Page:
Bankruptcy and its impact on separating couples

27-November-2015 Family Law By Simone Green

Since 2005, the Family Courts have had the power to alter the property interests of bankrupt and non-bankrupt spouses. Some interesting points of law that have become clear in recent years include the fact that:

  1. The Family Courts can alter property interests even when property has already been handed over to the trustee in bankruptcy.
  2. The Family Courts may even make orders for spousal maintenance against the trustee in bankruptcy for the benefit of the non-bankrupt spouse.
  3. In some circumstances, it is now possible for the non-bankrupt spouse to make a claim when the parties have not legally separated.

Streeterlaw’s Simone Green, an Accredited Specialist in Family Law, said the Family Courts have become somewhat of a ‘super jurisdiction’ in cases such as these.

“While the Family Court now has powers to change property interests in cases of bankruptcy, people who try to use the Family Court in an effort to preserve property from claims by creditors will be discredited,” she said. “We advise clients to be very careful in preparing their case as orders can be subsequently set aside if it is found that those orders were made in an effort to preserve property from creditors.”

Circumstances where the Family Courts get involved in bankruptcy issues

Generally, the Family Courts become involved in bankruptcy issues in the following circumstances:

  1. Where one spouse becomes bankrupt during the course of Family Court proceedings;
  2. Where one spouse has already become a bankrupt at the time the application is made to the Family Courts;
  3. Where Family Court orders were made by the consent of the parties prior to the bankruptcy and the trustee attempts to set them aside (change the orders).

The property subject to the Family Court’s alteration powers includes:

  1. The bankrupt’s property now vested in the trustee;
  2. The bankrupt’s property that falls under the exclusions to the Bankruptcy Act (such as superannuation, certain household items, tools of trade up to a certain value and a motor vehicle being the principal means of transport up to an indexed value)
  3. Assets of the non-bankrupt spouse.

When considering the adjustment of any property interests, the Family Courts are required to assess the following issues:

  1. The financial and non-financial contributions made by each spouse to the acquisition, conservation or improvement of any property of the relationship;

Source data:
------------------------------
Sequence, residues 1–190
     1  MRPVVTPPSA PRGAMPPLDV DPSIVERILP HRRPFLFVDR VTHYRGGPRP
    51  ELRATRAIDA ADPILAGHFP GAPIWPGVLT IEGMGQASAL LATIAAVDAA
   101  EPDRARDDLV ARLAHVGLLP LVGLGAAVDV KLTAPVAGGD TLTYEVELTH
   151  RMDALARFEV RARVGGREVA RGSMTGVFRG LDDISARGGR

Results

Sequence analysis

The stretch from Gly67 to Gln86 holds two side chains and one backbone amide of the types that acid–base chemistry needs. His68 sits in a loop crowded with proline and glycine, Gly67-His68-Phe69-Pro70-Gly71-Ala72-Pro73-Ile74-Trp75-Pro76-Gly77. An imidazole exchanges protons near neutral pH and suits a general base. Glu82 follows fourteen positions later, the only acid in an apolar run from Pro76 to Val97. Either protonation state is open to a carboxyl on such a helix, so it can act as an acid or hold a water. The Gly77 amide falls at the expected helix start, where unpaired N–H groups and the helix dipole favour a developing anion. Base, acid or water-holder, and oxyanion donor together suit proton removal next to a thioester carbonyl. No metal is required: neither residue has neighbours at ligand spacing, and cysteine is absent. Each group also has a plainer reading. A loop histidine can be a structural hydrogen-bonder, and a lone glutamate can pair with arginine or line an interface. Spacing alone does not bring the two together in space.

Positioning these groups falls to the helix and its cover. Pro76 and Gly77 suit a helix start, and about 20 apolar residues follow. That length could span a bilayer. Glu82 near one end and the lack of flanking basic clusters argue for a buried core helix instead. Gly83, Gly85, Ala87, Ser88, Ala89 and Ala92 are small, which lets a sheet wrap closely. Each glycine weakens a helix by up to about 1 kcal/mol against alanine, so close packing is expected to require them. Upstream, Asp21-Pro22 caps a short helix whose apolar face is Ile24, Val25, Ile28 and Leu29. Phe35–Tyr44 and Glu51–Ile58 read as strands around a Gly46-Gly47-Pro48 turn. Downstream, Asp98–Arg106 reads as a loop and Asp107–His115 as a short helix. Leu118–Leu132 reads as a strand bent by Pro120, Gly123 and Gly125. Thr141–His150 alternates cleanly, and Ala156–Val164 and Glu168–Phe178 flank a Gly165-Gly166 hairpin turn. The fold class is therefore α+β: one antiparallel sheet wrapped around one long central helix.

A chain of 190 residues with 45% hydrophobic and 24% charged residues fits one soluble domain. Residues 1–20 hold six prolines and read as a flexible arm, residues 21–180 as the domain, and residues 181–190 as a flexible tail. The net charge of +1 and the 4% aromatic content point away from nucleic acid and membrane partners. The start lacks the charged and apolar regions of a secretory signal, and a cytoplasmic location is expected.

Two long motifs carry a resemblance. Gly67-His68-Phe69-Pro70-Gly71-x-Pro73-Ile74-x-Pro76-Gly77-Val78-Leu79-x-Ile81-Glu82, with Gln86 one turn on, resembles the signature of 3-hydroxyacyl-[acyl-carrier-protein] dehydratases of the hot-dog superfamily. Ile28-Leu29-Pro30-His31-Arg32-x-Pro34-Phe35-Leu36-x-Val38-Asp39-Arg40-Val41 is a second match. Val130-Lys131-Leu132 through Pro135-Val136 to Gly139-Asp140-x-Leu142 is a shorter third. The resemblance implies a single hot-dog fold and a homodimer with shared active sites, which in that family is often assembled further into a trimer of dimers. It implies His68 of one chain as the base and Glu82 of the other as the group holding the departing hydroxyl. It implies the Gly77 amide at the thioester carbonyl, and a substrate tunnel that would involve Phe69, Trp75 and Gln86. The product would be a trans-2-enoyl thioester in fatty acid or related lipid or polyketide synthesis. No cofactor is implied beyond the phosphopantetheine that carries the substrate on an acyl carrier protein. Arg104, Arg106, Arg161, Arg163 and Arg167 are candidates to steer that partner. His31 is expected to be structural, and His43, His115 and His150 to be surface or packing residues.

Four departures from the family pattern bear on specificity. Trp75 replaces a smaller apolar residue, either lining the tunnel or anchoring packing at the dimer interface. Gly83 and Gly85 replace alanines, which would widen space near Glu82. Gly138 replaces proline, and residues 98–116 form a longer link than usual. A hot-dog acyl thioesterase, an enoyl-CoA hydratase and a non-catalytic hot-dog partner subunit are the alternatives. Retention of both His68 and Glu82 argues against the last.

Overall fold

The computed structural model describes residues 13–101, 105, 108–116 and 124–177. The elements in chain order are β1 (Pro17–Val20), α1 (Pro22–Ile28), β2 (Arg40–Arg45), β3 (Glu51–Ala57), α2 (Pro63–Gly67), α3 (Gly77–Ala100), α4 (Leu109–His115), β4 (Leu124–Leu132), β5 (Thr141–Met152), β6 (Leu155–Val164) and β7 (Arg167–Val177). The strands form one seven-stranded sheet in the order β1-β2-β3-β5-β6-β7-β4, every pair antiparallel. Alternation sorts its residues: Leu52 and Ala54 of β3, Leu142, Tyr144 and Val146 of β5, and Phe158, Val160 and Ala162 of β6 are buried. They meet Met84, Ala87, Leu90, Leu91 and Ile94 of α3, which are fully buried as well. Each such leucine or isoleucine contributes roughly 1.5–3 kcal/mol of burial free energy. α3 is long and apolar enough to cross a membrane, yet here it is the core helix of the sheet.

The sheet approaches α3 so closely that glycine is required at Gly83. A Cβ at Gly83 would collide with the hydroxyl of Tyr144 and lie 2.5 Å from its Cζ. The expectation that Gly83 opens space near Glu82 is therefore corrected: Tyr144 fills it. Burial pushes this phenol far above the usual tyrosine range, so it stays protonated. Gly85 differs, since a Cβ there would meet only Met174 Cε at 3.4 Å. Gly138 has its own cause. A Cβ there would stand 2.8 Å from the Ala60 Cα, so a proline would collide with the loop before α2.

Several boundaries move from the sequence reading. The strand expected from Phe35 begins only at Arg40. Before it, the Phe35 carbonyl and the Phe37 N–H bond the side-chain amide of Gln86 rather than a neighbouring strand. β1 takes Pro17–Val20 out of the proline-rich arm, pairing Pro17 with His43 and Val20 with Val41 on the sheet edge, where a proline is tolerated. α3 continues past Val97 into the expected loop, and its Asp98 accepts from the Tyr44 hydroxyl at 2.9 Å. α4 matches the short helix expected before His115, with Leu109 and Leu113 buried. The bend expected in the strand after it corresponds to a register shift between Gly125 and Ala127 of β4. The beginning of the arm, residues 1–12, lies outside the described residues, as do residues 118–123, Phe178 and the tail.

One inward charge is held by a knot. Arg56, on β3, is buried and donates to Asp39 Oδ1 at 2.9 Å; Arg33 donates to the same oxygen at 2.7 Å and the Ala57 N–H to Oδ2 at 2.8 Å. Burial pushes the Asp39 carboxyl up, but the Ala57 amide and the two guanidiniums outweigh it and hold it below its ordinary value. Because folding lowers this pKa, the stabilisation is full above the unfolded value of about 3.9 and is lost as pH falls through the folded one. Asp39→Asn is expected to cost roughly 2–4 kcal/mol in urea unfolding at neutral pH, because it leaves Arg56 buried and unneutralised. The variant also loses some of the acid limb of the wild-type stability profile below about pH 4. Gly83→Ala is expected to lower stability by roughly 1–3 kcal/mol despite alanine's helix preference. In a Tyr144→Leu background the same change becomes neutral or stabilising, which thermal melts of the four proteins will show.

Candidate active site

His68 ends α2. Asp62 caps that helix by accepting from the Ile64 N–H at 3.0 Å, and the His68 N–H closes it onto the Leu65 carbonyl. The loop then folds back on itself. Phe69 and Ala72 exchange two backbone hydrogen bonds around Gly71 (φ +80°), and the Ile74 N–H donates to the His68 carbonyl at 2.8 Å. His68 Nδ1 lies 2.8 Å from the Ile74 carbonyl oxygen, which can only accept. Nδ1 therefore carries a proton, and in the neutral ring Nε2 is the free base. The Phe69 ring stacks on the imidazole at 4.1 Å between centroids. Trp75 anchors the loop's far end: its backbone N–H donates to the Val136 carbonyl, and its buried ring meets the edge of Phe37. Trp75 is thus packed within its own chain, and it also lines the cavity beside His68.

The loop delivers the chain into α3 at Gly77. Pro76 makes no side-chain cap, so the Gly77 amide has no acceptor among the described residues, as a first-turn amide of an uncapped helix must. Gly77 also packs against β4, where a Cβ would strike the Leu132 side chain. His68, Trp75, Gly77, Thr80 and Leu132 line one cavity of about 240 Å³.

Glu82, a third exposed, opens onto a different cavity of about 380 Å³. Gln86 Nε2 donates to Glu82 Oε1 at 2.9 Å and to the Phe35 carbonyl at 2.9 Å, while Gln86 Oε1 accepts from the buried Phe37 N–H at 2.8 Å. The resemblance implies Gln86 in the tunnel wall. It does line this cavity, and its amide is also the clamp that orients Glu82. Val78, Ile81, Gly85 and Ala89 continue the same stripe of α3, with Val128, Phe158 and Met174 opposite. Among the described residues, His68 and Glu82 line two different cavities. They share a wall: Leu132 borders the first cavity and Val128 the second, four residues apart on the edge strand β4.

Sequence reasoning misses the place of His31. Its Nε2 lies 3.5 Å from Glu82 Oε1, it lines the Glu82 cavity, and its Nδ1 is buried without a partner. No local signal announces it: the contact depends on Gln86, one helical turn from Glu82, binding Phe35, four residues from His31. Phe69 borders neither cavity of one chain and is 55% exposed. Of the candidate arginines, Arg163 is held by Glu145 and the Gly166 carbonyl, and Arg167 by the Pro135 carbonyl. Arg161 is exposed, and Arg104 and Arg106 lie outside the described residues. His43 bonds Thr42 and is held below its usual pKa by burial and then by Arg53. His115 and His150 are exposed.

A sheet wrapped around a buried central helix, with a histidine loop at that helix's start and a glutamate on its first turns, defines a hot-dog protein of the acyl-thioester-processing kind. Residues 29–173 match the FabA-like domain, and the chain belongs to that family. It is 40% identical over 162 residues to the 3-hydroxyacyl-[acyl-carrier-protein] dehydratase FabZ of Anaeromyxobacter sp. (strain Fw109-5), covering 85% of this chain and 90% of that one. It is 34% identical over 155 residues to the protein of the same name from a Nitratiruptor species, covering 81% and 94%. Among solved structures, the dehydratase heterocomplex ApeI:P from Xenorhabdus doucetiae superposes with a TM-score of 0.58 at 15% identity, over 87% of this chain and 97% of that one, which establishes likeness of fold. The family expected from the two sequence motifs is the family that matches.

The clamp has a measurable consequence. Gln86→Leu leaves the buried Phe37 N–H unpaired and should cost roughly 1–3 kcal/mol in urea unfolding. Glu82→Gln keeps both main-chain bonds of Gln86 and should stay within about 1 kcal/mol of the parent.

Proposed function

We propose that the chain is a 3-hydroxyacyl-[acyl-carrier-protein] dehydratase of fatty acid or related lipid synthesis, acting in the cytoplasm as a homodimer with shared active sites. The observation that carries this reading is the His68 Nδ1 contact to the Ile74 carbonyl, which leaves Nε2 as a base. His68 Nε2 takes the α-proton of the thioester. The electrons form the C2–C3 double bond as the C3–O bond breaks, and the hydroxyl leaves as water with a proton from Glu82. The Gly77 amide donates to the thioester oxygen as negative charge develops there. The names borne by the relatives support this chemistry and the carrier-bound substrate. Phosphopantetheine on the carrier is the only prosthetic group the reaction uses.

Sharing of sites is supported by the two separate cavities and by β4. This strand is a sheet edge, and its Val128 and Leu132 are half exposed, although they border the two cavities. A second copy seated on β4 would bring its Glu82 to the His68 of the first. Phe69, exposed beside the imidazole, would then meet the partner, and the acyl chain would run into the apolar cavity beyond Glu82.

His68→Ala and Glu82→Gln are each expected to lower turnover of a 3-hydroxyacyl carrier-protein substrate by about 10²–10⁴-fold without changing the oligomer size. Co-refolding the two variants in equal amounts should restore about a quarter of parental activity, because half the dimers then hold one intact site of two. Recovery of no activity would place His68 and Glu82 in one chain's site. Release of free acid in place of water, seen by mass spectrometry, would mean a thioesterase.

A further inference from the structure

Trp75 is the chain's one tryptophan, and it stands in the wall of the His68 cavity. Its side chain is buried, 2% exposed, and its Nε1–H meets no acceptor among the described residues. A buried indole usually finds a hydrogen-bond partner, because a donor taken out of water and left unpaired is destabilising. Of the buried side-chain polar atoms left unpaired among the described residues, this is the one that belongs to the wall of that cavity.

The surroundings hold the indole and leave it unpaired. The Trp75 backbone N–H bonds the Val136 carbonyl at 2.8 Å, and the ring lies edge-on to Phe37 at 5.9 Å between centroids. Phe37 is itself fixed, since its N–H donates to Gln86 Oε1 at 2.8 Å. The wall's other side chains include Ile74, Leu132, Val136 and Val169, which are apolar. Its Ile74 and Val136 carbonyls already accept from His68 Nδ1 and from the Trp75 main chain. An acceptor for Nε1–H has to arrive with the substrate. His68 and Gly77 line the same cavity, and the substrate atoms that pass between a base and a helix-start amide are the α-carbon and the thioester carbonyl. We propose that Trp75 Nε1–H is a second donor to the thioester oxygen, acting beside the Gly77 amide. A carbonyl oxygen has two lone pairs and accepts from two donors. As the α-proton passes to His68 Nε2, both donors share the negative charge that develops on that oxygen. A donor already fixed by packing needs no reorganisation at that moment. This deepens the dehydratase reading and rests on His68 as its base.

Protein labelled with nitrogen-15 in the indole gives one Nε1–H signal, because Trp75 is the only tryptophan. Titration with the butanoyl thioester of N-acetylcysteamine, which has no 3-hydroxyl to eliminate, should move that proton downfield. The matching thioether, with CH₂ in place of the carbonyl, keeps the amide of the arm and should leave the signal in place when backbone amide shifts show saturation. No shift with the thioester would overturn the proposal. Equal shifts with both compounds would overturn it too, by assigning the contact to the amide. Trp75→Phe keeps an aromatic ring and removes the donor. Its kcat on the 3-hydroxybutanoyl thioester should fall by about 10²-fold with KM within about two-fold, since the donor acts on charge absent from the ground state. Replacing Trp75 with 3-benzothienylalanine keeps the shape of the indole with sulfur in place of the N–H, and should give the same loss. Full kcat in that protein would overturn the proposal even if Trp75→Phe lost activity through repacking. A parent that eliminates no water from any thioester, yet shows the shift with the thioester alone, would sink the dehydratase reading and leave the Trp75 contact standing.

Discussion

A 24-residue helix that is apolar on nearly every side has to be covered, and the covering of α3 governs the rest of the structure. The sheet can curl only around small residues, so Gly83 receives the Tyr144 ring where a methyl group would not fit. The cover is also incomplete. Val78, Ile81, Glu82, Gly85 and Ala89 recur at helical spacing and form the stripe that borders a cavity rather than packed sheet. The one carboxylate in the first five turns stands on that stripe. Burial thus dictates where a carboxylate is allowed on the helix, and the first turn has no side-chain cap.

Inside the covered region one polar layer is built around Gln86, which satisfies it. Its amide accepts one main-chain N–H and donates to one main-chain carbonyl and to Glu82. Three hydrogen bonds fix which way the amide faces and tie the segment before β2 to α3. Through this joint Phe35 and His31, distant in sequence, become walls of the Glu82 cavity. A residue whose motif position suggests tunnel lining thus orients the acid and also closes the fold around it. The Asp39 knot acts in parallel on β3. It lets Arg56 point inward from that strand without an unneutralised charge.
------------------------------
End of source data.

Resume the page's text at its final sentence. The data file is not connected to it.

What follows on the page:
2. The contributions as homemaker/parent;
  3. The future needs of the parties.

The Court will make an order that it considers is just and equitable in all of the circumstances; no priority is given to either the trustee in bankruptcy nor the non-bankrupt spouse.

Ms Green said the non-bankrupt spouse now has greater protection.

“Provided that the Court finds that there have been no fraudulent transactions in respect to cheating creditors, the non-bankrupt spouse now has great protection under the Act,” she explained.

In circumstances where the parties have previously entered into a consent order adjusting property through the Family Court or a Financial Agreement in accordance with the Family Law Act prior to one spouse becoming bankrupt, the trustee will try to have the orders set aside (pursuant to s79A of the Act). The Court may set aside a consent order or Financial Agreement in circumstances where it is satisfied that there has been a miscarriage of justice by reason of fraud, duress, suppression of evidence (including failure to disclose relevant information) among other things. In other words, the Act cannot be used as a mechanism to defeat the interests of creditors.

When orders or a Financial Agreement are set aside by the Family Courts, the non-bankrupt spouse may make an application for a property adjustment, which will be considered in the usual way.

If you would like further advice or information, please contact the Family Law experts at Streeterlaw on 1300 293 593 or email advice@streeterlaw.com.au.

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